As Christian parents, we want to raise children who have deep roots in the gospel so that when the storms and droughts of life come along, they will be unshaken. Last time I wrote about all the different things you can do at each developmental stage to create a disciple-making environment for your kids.
But what if sometimes we feel shaken? What if the ground beneath us that once felt so strong and secure, begins to give way? What if we start to question what we have believed for so long?
It is not your job to “save face” for God. You do not have to cover for Him when you are left questioning His sovereignty or goodness.
The prophet Jeremiah was a pretty faith-filled guy. In the face of being mocked, mistreated and even threatened with death, he clung to what he knew to be true. And he couldn’t keep that truth in. At times, he wanted to just shut his mouth and walk away, but the Spirit who had called him to his work would not allow it (Jeremiah 20:9). No matter the cost, he followed God.
But that doesn’t mean he didn’t struggle.
The beauty of this prophet’s faith is that it was real. The book of Jeremiah gives us a behind the scenes look at the real life struggles he had with his faith. To an outsider, he would seem solid and steadfast.
But his private prayers revealed a different story. He was full of questions and doubt and fear. Check out Jeremiah 12:1-4; Jeremiah 15: 10-18; and Jeremiah 20:7-18 and you will see what I mean.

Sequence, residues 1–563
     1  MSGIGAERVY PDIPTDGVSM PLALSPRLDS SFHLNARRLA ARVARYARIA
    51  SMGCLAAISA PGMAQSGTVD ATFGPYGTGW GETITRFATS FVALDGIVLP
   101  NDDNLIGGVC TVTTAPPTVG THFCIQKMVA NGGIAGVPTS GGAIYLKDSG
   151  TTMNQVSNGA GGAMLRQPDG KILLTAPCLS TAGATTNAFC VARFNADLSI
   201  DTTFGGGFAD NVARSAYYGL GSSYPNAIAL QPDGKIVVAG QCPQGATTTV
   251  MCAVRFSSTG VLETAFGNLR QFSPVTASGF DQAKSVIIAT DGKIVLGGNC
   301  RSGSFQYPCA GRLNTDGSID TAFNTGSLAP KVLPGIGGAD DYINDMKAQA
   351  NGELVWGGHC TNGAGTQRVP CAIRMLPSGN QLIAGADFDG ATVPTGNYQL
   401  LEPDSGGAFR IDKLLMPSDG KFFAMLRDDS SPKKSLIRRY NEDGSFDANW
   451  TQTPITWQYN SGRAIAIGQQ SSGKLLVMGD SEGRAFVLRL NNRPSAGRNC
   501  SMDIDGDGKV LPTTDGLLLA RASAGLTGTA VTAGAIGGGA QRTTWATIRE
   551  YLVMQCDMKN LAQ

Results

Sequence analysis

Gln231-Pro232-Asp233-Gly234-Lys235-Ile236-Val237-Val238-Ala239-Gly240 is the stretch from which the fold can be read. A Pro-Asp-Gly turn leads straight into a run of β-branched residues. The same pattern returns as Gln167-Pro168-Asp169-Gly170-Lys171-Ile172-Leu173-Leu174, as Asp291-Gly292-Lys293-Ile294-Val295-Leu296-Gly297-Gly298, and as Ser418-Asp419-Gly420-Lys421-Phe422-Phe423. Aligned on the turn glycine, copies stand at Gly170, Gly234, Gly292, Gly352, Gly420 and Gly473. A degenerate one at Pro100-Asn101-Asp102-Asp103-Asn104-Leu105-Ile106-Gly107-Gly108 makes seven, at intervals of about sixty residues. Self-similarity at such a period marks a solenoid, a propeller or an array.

The book of Lamentations (also written by Jeremiah) actually ends with a question. It reads, “Restore us, O Lord, and bring us back to you again! Give us back the joys we once had! Or have you utterly rejected us? Are you angry with us still?” (Lamentations 5:21-22 NLT). Right before this, in verse 19, Jeremiah is proclaiming the greatness of God. Then, just a sentence or two later, he’s asking if He even cares at all.
Questions are not an indicator that God is no longer on the throne of your heart.
Lamentations ending in a raw question is a gift. It gives us permission to wrestle with hard things, to not have all the answers all the time.
So yes, it’s okay if your kids see you question God or have struggles with your faith. And it’s okay if they ask you a question about God that you don’t know the answer to. If it’s answerable, find it together. If it’s not, say it. Faith requires some level of “just cuz” mentality. If we had all the answers, it wouldn’t be faith at all.
If you are willing to be real and genuine about your faith, the raw truth of your faith, your kids will model what they see.
So sometimes, like Jeremiah, our questions go unanswered.
And sometimes there will be an ellipse to our heart ache. . .
But it’s okay. It’s real and it’s authentic. And that is exactly the kind of relationship we all pray our kids will have with the Lord.
[If you are really struggling with your faith, don’t go it alone. Reach out to a a trusted mentor or a pastor. If you do not have a support person and could use prayer, KLove Radio has a dedicated prayer team of pastors who will pray with you.]